WASHINGTON, D.C. – J-Lab: The Institute for Interactive Journalism is calling for a new round of grant proposals to fund “New Voices” community news start-ups around the country. Eight projects will each receive up to $25,000 in grants during the course of two years.
The eight projects to be funded in 2009 will join 40 other New Voices start-ups that have received micro-grants since 2005. The projects have been selected from 845 proposals.
This year, New Voices project funding has increased to $25,000 from $17,000 over two years as part of a new J-Lab grant from the John S. and James L. Knight Foundation to seed micro-local news projects; support them with an educational Web site, the Knight Citizen News Network; and help foster their sustainability with second-year matching grants.
The 2009 projects will receive $17,000 the first year and are eligible for $8,000 in matching support the second year.
At least three of the 2009 grants are targeted for news initiatives in the 26 communities where the Knight brothers once owned newspapers, but projects from all parts of the U.S. are encouraged to apply.
“We are especially seeking ideas from people who find something missing from their local media landscape and crave news and information that engages and builds a sense of community,” said Jan Schaffer, director of J-Lab, which administers the program. J-Lab is a center of American University’s School of Communication.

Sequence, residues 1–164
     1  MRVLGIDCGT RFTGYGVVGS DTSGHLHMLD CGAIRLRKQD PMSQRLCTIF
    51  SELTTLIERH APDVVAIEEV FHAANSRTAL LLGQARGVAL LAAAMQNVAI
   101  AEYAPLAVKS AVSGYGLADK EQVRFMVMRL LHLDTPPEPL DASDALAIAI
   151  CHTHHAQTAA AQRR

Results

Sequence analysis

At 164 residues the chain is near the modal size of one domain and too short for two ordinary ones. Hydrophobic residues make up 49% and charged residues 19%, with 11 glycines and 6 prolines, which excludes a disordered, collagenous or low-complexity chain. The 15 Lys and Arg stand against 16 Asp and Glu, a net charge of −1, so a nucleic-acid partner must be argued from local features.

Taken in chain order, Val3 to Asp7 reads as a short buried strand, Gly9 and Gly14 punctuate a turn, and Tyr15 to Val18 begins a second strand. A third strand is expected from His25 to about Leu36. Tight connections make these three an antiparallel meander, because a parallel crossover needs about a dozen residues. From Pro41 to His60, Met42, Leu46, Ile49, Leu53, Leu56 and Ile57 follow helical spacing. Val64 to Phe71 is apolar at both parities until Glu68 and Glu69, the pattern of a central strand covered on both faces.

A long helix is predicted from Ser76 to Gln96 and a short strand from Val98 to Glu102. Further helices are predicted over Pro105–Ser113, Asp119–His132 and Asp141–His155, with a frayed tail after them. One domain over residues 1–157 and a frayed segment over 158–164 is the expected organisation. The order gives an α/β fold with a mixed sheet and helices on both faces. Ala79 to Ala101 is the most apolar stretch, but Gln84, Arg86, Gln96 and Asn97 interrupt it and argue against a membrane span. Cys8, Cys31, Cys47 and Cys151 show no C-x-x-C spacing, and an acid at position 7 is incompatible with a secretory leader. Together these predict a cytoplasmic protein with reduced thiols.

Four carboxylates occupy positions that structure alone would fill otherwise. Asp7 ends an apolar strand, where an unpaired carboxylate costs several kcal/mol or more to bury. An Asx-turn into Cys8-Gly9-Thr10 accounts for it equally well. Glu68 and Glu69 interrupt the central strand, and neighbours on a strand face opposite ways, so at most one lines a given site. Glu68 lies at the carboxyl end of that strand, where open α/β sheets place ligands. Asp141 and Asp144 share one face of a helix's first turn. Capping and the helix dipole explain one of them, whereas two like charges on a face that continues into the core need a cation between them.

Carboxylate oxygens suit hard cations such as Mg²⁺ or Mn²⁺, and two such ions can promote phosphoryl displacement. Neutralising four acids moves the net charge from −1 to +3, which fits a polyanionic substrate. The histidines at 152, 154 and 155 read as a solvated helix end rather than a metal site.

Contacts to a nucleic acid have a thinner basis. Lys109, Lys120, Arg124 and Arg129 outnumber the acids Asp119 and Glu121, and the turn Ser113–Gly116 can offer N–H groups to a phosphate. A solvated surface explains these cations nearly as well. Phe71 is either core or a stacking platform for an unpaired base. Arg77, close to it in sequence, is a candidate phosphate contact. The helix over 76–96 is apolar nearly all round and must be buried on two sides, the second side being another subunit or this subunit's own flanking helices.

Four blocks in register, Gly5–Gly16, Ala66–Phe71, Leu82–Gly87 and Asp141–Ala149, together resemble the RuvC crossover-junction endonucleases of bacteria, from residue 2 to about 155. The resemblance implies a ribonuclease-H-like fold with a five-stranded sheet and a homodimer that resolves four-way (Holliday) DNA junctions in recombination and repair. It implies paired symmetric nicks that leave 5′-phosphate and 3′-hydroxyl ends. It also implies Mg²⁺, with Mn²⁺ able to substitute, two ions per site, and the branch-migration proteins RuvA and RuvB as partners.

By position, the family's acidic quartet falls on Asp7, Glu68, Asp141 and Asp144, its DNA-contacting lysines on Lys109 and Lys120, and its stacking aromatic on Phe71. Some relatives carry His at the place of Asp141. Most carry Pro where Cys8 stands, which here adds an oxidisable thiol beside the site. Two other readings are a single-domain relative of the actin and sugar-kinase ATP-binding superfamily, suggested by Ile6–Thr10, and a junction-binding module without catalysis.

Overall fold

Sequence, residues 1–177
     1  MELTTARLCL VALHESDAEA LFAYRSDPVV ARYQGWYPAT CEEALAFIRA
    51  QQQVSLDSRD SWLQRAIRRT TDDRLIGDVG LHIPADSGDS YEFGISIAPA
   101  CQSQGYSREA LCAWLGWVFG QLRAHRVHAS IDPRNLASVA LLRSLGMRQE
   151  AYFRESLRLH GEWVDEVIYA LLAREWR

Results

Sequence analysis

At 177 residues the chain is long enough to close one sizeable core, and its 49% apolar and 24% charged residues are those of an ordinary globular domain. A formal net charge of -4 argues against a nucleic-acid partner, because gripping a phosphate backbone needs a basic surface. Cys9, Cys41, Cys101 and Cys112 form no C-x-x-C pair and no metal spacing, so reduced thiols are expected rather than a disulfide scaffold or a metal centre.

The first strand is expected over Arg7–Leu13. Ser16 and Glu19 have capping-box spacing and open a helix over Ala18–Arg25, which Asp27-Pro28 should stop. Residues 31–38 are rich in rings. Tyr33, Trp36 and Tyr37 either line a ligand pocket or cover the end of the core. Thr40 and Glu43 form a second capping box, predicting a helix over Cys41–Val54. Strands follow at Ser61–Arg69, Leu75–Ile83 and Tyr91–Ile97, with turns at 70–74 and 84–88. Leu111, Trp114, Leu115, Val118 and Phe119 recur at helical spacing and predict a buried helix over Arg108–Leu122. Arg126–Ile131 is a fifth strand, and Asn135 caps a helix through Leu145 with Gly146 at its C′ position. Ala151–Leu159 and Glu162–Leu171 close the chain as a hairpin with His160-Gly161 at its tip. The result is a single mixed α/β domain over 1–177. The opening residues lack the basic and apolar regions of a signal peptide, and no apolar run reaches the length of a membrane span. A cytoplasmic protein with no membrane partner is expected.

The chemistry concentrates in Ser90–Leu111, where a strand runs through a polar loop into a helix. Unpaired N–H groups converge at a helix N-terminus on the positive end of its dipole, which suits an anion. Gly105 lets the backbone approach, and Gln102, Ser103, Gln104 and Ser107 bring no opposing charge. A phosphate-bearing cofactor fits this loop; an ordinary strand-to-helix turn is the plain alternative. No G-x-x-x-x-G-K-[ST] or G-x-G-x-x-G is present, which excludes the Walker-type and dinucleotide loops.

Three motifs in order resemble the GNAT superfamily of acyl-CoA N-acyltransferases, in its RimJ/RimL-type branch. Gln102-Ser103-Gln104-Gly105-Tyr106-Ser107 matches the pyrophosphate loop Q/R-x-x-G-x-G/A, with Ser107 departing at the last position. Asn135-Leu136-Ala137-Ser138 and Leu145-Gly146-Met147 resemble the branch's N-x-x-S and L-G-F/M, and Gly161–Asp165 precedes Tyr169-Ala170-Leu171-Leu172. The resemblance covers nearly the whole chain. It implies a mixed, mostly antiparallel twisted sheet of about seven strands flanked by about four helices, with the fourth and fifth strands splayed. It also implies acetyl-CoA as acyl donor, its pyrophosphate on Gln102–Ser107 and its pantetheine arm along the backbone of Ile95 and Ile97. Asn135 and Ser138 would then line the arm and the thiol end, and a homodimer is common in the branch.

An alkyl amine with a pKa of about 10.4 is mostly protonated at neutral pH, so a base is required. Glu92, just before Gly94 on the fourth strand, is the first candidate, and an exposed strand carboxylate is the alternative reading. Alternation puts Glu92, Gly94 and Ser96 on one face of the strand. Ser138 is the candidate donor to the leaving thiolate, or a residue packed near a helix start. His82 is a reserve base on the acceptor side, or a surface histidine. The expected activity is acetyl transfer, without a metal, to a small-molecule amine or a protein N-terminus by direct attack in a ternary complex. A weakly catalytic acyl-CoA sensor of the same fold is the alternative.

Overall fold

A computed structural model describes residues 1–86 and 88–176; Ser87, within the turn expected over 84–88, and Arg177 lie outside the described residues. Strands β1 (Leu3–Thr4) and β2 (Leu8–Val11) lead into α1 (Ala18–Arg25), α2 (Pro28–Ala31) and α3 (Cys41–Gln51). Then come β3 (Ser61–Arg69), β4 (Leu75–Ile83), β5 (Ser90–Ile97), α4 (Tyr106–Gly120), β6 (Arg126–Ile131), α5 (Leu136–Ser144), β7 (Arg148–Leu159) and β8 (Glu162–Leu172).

Eligible to receive New Voices funding are 501(c)3 organizations and education institutions or individuals working under the sponsorship of a nonprofit fiscal agent. Only start-up projects may receive funding; ongoing efforts are not eligible unless they are proposing a new venture.
Projects can produce news and information for a geographic area, such as a town or county. Or they can serve a community of interest.
All New Voices projects must develop a publicly accessible, regularly updated Web site to showcase their efforts and have a plan for generating a steady flow of fresh content year-round.
To receive information about New Voices, e-mail contact information and a request to subscribe to the J-Flash newsletter to email@example.com.
About Knight Foundation The John S. and James L. Knight Foundation promotes journalism excellence worldwide and invests in the vitality of the U.S. communities where the Knight brothers owned newspapers. Since 1950 the foundation has granted more than $400 million to advance journalism quality and freedom of expression. Knight Foundation focuses on ideas and projects that create transformational change. To learn more, visit www.knightfoundation.org.
About J-Lab J-Lab helps news organizations and citizens use digital technologies to develop new ways for people to participate in public life. It also administers the Knight Citizen News Network (www.kcnn.org), the Knight-Batten Awards for Innovations in Journalism, www.j-learning.org, and the McCormick New Media Women Entrepreneurs initiative (www.newmediawomen.org).
About American University’s School of Communication American University’s School of Communication is a laboratory for professional education, communication research, and innovative production across the fields of journalism, film and media arts, and public communication. The school’s academic programs emphasize traditional skills and values while anticipating new technologies, new opportunities, and new audiences.